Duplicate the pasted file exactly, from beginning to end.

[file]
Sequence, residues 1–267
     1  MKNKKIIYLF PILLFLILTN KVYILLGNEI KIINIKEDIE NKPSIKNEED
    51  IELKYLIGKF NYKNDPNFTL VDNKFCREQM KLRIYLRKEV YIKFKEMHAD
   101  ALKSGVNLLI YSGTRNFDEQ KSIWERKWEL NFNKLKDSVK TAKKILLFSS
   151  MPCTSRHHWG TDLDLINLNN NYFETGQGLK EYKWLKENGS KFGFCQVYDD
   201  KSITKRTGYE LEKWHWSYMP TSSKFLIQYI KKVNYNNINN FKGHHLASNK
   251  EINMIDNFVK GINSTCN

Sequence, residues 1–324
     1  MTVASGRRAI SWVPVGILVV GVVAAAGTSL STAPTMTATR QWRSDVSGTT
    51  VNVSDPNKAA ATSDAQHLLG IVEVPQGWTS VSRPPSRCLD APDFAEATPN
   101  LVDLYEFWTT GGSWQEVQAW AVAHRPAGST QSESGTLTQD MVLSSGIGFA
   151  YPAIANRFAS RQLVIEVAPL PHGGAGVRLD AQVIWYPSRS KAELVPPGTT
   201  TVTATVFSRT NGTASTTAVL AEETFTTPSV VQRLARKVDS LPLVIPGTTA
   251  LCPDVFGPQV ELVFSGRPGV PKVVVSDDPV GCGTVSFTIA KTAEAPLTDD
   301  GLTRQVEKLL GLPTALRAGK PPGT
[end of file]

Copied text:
Sequence, residues 1–267
     1  MKNKKIIYLF PILLFLILTN KVYILLGNEI KIINIKEDIE NKPSIKNEED
    51  IELKYLIGKF NYKNDPNFTL VDNKFCREQM KLRIYLRKEV YIKFKEMHAD
   101  ALKSGVNLLI YSGTRNFDEQ KSIWERKWEL NFNKLKDSVK TAKKILLFSS
   151  MPCTSRHHWG TDLDLINLNN NYFETGQGLK EYKWLKENGS KFGFCQVYDD
   201  KSITKRTGYE LEKWHWSYMP TSSKFLIQYI KKVNYNNINN FKGHHLASNK
   251  EINMIDNFVK GINSTCN

Sequence, residues 1–324
     1  MTVASGRRAI SWVPVGILVV GVVAAAGTSL STAPTMTATR QWRSDVSGTT
    51  VNVSDPNKAA ATSDAQHLLG IVEVPQGWTS VSRPPSRCLD APDFAEATPN
   101  LVDLYEFWTT GGSWQEVQAW AVAHRPAGST QSESGTLTQD MVLSSGIGFA
   151  YPAIANRFAS RQLVIEVAPL PHGGAGVRLD AQVIWYPSRS KAELVPPGTT
   201  TVTATVFSRT NGTASTTAVL AEETFTTPSV VQRLARKVDS LPLVIPGTTA
   251  LCPDVFGPQV ELVFSGRPGV PKVVVSDDPV GCGTVSFTIA KTAEAPLTDD
   301  GLTRQVEKLL GLPTALRAGK PPGT